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South Africa to give first COVID-19 vaccine doses to president, health workers

By Reuters | Feb 17th 2021 | 2 min read

President Cyril Ramaphosa delivers his State of the Nation address in parliament in Cape Town, South Africa. [Reuters]

South Africa will administer its first COVID-19 vaccine on Wednesday, with President Cyril Ramaphosa to get the Johnson & Johnson (J&J) shot alongside health workers.

The first shot will be given at Khayelitsha District Hospital in Cape Town this afternoon, the government said.

Ramaphosa said in a statement that 80,000 J&J doses were being prepared for distribution across the country and that he would be inoculated to demonstrate his government’s confidence in the vaccine.

The J&J vaccine is being rolled out initially as a research study to further evaluate it in the field, with up to 500,000 health workers set to be immunised.

Ramaphosa said most vaccination centres would be ready to begin the country’s immunisation programme on Wednesday.

“The Johnson & Johnson vaccine has been shown in extensive trials to be safe and efficacious and will protect our health care workers from illness and death from COVID-19,” he said.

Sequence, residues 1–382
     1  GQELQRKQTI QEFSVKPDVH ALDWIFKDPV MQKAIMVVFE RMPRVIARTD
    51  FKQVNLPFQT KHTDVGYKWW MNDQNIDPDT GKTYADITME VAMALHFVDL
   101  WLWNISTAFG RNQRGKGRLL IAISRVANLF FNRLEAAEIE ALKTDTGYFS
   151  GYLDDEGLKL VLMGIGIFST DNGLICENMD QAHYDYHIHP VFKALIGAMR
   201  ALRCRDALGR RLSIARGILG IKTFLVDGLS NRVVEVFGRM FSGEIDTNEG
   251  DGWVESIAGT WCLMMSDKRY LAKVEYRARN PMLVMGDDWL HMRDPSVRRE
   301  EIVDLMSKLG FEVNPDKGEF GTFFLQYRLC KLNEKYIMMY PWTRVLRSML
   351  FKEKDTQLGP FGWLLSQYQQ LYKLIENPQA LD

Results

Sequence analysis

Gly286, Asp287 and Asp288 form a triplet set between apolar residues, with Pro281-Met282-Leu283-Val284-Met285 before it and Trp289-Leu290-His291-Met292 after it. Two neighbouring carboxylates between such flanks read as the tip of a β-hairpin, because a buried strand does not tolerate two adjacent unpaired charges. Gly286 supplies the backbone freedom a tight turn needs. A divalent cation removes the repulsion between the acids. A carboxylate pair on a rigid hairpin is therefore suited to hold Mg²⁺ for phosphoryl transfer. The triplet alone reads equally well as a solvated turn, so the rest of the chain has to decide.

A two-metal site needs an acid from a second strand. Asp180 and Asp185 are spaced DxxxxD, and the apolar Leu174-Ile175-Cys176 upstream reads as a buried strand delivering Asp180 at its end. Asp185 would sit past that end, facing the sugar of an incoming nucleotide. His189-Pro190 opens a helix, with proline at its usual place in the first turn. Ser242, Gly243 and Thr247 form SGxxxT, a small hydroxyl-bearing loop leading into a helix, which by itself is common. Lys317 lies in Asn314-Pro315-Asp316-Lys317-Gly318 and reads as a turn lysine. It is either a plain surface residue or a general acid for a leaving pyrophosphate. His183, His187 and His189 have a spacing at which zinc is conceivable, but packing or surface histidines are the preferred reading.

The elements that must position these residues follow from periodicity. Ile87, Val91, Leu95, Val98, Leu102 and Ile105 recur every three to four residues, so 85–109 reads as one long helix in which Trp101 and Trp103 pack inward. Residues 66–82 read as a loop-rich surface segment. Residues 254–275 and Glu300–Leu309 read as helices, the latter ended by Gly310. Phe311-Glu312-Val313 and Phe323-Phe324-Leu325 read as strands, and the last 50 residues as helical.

South Africa switched to the one-shot J&J vaccine after pausing the rollout of AstraZeneca’s two-dose vaccine this month.

Preliminary trial data showed the AstraZeneca shot developed in partnership with the University of Oxford offered minimal protection against mild to moderate illness from the country’s dominant coronavirus variant.

The decision to suspend the AstraZeneca rollout has added to scepticism among some South Africans about COVID-19 vaccines.

The government says it could sell or swap its AstraZeneca doses.

South Africa has recorded about 1.5 million coronavirus infections and over 48,000 deaths, the most on the African continent. The government had initially planned to vaccinate 40 million people, or two-thirds of the population, to achieve some level of herd immunity, but it is not clear whether that target still stands.

Since late last year, South Africa has been battling a more infectious virus variant called 501Y.V2 that has alarmed health experts for its ability to potentially evade the immune response generated by prior exposure to the coronavirus or vaccines.

AstraZeneca says it believes its vaccine protects against severe COVID-19 and that it has started adapting it against the 501Y.V2 variant.

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